# Frequency from binary input

Background: I have a IOIO which I am using to measure the output from an photodiode, this is the converted into a digital output. I need to find the frequency at which the signal changes between 1 and 0. Everything I have tryed so far has hanged my test app, any suggestions?

current code:

``````if(diode == 1 && frequencyFound == false){
startTime = System.currentTimeMillis();
while((frequencyFound == false)){
if(diode == 0){
while(frequencyFound == false){
if(diode == 1){
double endTime = System.currentTimeMillis();
time = endTime - startTime;
frequency = (long) (1.0 / time);
frequencyFound = true;
}
}
}
}
}
``````
• Don't you need to do something to actually sample the value of `diode`? Commented May 12, 2012 at 15:50
• Is above code executed in the UI thread (= there is no `AsyncTask` or other type of `Thread` created to execute that code)? That would explain your app hanging.
– zapl
Commented May 12, 2012 at 15:56

There are a couple of issues here.

First, Android is a multi-tasking system, and you could find your timing thread put to sleep long enough to miss some signal transitions. Is there no way to be notified of a leading (or trailing) edge transition rather than sampling the input in a loop?

What sort of frequency are you looking at? Will a 100 ms sampling interval be fine enough?

Don't count on Thread.sleep() to sleep for exactly the time you specify. If the interval is too short, the system might decide to return immediately or it might round the sleep time up to a larger amount.

Your timing loop won't record the time to any precision better than 100ms (at best), so your estimate for the frequency will be very poor.

Watching for a single transition will give you a very imprecise estimate of the frequency. Try something like this instead:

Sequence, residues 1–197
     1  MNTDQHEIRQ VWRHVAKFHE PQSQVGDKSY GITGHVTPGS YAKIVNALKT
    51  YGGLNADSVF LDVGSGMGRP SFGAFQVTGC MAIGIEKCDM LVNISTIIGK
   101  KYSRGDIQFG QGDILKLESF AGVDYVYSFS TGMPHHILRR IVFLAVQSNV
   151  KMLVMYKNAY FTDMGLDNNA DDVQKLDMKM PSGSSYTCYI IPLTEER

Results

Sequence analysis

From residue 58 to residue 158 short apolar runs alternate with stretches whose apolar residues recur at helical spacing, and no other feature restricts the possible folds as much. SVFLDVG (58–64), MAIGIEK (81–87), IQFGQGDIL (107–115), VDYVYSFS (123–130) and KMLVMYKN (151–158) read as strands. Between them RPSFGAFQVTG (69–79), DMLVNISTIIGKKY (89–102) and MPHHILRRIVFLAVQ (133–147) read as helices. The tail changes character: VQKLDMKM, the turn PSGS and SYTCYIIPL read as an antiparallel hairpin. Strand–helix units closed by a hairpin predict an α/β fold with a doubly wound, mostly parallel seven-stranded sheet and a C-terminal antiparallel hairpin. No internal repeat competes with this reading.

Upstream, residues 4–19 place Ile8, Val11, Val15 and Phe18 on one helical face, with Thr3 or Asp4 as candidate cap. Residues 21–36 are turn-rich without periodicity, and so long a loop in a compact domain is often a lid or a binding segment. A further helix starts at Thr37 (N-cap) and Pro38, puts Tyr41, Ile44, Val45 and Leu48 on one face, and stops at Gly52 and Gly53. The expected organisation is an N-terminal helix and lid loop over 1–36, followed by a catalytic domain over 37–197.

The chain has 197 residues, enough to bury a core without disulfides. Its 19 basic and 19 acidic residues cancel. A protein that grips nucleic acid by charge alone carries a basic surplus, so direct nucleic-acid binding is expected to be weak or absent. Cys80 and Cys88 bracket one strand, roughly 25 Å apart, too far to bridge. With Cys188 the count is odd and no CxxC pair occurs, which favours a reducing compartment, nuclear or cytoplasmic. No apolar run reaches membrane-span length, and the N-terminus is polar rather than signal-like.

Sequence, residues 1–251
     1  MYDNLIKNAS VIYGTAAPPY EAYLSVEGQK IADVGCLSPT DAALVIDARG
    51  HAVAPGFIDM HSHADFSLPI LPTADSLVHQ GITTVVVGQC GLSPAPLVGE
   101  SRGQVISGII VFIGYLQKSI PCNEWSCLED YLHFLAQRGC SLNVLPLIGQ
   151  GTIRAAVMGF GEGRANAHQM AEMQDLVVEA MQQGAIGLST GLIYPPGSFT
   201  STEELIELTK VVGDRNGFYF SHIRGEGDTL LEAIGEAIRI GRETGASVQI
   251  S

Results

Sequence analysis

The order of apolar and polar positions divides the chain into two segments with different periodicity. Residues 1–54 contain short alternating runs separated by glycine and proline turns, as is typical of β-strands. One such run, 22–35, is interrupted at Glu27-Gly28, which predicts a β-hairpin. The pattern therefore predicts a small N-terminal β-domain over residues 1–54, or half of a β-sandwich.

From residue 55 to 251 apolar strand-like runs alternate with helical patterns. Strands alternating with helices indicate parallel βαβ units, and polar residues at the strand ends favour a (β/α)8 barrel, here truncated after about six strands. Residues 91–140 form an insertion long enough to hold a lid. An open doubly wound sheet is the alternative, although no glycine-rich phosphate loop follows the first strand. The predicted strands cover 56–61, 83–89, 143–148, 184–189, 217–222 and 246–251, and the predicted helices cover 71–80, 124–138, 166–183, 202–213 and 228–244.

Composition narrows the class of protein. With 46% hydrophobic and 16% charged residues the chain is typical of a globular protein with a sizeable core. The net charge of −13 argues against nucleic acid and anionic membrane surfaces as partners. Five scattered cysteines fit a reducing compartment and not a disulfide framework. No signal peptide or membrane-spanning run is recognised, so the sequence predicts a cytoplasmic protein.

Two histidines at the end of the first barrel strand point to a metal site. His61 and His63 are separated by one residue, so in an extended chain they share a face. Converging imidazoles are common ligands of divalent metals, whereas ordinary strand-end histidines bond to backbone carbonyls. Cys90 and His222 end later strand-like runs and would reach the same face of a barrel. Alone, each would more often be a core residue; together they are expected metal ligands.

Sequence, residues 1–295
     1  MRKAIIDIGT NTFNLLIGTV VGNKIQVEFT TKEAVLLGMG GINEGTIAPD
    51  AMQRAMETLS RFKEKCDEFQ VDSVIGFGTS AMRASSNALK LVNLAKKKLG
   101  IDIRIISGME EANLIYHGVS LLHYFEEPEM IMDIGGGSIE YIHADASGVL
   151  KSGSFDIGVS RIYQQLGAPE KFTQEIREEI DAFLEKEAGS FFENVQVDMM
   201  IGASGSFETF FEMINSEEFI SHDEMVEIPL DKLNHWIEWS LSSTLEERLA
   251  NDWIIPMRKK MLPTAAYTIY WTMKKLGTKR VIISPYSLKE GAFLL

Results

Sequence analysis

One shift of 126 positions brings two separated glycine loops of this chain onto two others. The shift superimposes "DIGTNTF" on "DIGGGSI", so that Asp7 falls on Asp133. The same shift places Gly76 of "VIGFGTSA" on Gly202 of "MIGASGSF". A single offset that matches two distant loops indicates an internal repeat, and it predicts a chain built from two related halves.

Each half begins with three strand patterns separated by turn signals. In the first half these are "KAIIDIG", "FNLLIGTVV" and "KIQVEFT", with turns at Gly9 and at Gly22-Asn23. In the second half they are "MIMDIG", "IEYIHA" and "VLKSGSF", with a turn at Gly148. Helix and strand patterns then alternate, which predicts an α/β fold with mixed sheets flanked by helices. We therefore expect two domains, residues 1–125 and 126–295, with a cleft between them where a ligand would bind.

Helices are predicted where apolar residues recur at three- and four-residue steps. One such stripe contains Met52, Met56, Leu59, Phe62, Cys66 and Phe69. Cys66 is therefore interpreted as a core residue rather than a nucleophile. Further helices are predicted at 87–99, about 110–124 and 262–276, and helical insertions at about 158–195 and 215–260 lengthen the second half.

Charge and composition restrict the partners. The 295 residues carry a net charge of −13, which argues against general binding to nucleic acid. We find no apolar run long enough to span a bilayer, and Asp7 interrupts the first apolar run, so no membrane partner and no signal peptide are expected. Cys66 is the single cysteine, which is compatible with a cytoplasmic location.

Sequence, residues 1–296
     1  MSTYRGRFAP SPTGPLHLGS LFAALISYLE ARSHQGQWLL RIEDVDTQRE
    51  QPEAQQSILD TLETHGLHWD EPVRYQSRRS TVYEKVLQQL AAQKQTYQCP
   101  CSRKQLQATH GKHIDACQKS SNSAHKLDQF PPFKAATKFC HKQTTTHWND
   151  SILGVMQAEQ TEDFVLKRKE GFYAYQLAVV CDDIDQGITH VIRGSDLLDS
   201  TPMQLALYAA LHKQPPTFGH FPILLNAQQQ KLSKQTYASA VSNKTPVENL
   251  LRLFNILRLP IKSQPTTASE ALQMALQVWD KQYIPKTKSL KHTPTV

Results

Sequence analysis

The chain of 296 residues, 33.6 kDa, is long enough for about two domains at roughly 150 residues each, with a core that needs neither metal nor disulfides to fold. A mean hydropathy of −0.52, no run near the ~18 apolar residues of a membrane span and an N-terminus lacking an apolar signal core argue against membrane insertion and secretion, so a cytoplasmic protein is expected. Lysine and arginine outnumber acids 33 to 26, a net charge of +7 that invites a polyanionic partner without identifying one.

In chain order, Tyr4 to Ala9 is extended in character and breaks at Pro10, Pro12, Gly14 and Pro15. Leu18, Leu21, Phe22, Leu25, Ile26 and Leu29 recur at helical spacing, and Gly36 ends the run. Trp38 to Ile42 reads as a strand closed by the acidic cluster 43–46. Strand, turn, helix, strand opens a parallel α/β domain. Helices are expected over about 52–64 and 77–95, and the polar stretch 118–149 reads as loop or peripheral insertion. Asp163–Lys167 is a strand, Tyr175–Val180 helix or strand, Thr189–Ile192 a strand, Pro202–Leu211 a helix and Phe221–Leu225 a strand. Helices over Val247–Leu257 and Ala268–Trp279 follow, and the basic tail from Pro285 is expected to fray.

``````// Find frequency to the nearest hz (+/- 10%)
// It's assumed that some other process is responsible for updating the "diode"
// variable.  "diode" must be declared volatile.
long duration = 1000;   // 1 second
final int interval = 100;    // sampling inteval = .1 second
int oldState = diode;
int count = 0;
final long startTime = System.currentTimeMillis();
final long endtime = startTime + duration;
while (System.currentTimeMillis() < endtime) {
// count all transitions, both leading and trailing
if (diode != oldState) {
++count;
oldState = diode;
}
}
// find the actual duration
duration = System.currentTimeMillis() - startTime;
// Compute frequency. The 0.5 term is because we were counting both leading and
// trailing edges.
float frequency = 0.5 * count / (duration/1000);
``````

Two more extreme suggestions for working around some of the timing accuracy concerns Edward raised:

• Do the measurement of interval times on the IOIO board under interrupts, where you can presumably accomplish (at least near-) real time operations. Report these time measurements to the Android device.

• Skip the ioio board and build something simple to route the signal into the headset connector as a tone that turns on or off. Record audio using the built-in timing guarantees of the audio system, and then analyze the audio buffers (real time no longer required) to determine the intervals from the number of intervening audio samples times in units of the (relatively reliable compared to anything you could do in an android app) audio sample rate. You can also get an analog input easily by using the light sensor to vary the frequency of an audio oscillator.

• I've got to give Chris Stratton an upvote here. He's right; if the IOIO board is programmable, then that's where you should be doing the frequency measurement. Commented Jul 19, 2012 at 0:34